SMSL C100 MQA DSD DAC
SMSL C100 – their ultra portable budget DAC
Pros: MQA native playback, reads up to DSD512. Asynchronous. Coax/BT/Optical/USB in a micro unit. Jitter adjustment for older devices/TVs. SQ is excellent at this price level. Needs no external mains power.
Cons: Quirky connection – comes up with a “could not connect” on Macs – although it works fine on them.
No OTG to smartphone connection – bluetooth is excellent however
No palms have been greased with wads of dirty cash to enable this review to spring forth from the creative centre of yours truly. Nevertheless, without the kindness and loyalty from aoshida-audio.com, this SMSL would have waited far longer to be unveiled to the World of Portable Audio, and that would have been a shame, wouldn’t it? Thank you to my friends from China who have sent me a sample to bring to your attention – the SMSL C100 is the focus of our first look at 2023. The micro DAC can be found exclusively on aoshida’s store, just follow this link. I have suddenly realised I have a lot of Dacs; I have 5 SMSL Dacs…. The C100 is their budget model – there are compromises, which we can talk about, but the focus, as always, will be what the end result looks like. The end result is the sound that goes into your lugholes, fellow audio enthusiasts. That is where it is at. The rest is theory, hyperbole, graphs on a chart, wishful thinking in an engineer’s vast grey matter. SMSL is a Chinese Company, they have made lots of Dacs and DacAmps, and so far I’ve found them to deliver an honest performance for the monies being outlayed for them. Are you considering dipping your toe in the water of the standalone Dac, perhaps to take on the audio duties of your aging CD player and looking for a diminutive, modern looking black box that doesn’t break the bank or your desk? You’d be a fool not to read on in that case! Curious to know what the latest moves in the marketplace are? Perhaps you’re wondering what all the fuss about Dacs are. However I’ve got you here, welcome aboard. We’ll get to the the bottom of this Dac conundrum together, I can assure you.
For the purposes of providing some healthy competition, I am going to be using a similarly priced Dac, the Fiio BTA30, as a comparison. You’ll be able to listen to real audio samples of both Dacs in the video I’ve embedded. Aren’t you lucky?!
About the C100 – in fact, about Dacs aswell
The SMSL C100 is a Dac. A Dac is a digital to analog converter. A Dac converts the digital information (0000s and 1111s) into sound. A dac accepts the digital outputs from sources like CD Players, TVs, Game Consoles, Laptops, Smartphones, PCs and Tablets. The external Dac has digital output connections to accept 1, or more sources. In the case of the C100, reading from left to right, Coaxial (my Ibasso DX100/Fiio M11 players + a few others) Optical (CD/DVD/Blu Ray Players + my Macbook Pro) Bluetooth ( this is how the C100 handles your Smartphone) and USBC (think Laptop/PC/Tablet/Ipad). Apart from Bluetooth, all you need to do is to link an appropriate cable from your source’s digital output to the C100s digital input. You attach a set of phono plugs to the analog output of the C100, attach those to a spare input on your amp, and you’re away. You don’t have to bother doing any of this, of course. All of these sources have Dacs built in. They often have analog outputs too, so you can hook your TV up to your amp using a set of phono leads, for example. However, all Dacs are not created equal…. Some Dacs are ducks, and some are swans.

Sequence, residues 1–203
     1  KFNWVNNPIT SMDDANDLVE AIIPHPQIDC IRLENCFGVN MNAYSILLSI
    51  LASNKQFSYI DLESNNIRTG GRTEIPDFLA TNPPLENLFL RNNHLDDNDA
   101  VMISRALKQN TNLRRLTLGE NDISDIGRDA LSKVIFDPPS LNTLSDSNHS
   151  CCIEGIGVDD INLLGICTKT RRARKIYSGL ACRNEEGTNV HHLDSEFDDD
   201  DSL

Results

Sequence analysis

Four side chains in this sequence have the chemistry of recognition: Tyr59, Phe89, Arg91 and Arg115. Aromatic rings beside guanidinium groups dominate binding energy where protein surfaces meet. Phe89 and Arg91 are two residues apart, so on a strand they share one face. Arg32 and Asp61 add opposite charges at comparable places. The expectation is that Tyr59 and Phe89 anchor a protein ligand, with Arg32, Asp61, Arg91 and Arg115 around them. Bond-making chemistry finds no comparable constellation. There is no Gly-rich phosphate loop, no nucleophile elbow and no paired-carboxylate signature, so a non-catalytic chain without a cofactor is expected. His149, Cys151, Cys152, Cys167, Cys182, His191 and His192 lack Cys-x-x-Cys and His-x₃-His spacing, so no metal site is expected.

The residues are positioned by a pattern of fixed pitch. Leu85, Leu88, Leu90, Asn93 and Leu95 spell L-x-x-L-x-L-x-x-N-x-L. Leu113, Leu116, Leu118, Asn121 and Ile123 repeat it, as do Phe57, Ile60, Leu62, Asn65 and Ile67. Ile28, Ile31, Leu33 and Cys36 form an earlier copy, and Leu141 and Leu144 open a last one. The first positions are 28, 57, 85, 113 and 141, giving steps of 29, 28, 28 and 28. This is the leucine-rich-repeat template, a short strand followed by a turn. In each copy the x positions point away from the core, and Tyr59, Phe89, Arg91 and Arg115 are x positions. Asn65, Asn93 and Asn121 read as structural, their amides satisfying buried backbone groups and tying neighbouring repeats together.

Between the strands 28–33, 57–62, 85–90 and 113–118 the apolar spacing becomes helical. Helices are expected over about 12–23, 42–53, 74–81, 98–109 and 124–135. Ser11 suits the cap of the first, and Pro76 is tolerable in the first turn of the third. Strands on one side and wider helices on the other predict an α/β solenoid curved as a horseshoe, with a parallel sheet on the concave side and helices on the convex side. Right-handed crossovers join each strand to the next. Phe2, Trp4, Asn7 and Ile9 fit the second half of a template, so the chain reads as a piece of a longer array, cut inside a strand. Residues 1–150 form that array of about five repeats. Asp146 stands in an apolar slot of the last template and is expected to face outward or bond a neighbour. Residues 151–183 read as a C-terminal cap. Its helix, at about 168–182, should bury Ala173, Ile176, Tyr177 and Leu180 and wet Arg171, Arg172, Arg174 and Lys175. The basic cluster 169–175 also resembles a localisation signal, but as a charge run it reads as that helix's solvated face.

The C100 is a micro Dac, it’s tiny. Lengthwise we are talking just over the circumference of a coffee mug, widthwise it’s narrower, and height; it won’t reach above the 2nd knuckle of your little finger. Yet – we are promised much. A certification from the Japanese Hi-Res Society, 4 inputs, no mains power needed, vanishingly small distortion from a new AK Dac Chip, the 4493S, 6 digital filter options, variable volume, DSD and MQA Asynchronous handling that scales the heights of the 512 DSD or 768 MHz PCM File Formats. Michicon caps, a decent clock for jitter problems and a super besty built in power supply filter are all promised. All options are accessed without touching the C100. There is a button on the front you can use to switch between inputs, but the remote control does everything – power on/off, volume up/down/mute, display on/off, brightness, digital filtering. All can be done from the comfort of your armchair. For those MQA enthusiasts, this is an MQA enabled device. Green, Blue and Magenta colours are discretely offered for each of the 3 levels of this format, available on the Tidal Streaming App.
The C100 in use
USB Power Issue
We can’t proceed until we have discussed the elephant in the room. The Macbook appears to dislike the SMSL C100. When I plugged it into my Macbook (Pro Retina Mid 2014/2.5 GHz/Big Sur 11.7.1) it displayed this:
In fact, this message was a big fat lie. It plays all files and all formats, on any software I’ve so far used, without so much as a bead of sweat. My advice is, if you see this message displayed on your Mac device, have a look see if the C100 works ok. If it does, press the X in the top left corner of the message. The message will then disappear. The problem, that wasn’t there in the first place, is solved.
I believe that the C100 doesn’t play DSD files natively, nor am I convinced that MQA files can be unwrapped to a Magenta finish. I’d welcome any findings on this, as the C100 gets more exposure. I have audivarna plus, Foobar, HQ Player and Pine Audio, all of which offer exclusive audio mode and native DSD playback. I haven’t managed to achieve a display on the C100 that convinces me I am listening to an unconverted DSD file. The AK Chip has a DSD part to it, so I’m baffled. In other words, the track that I recorded was from an SACD version of Avalon, by Roxy Music. That is a DSD64 file. It displays as 352 on the C100 Panel. Pine Audio recognises a 352 MHz capable Dac.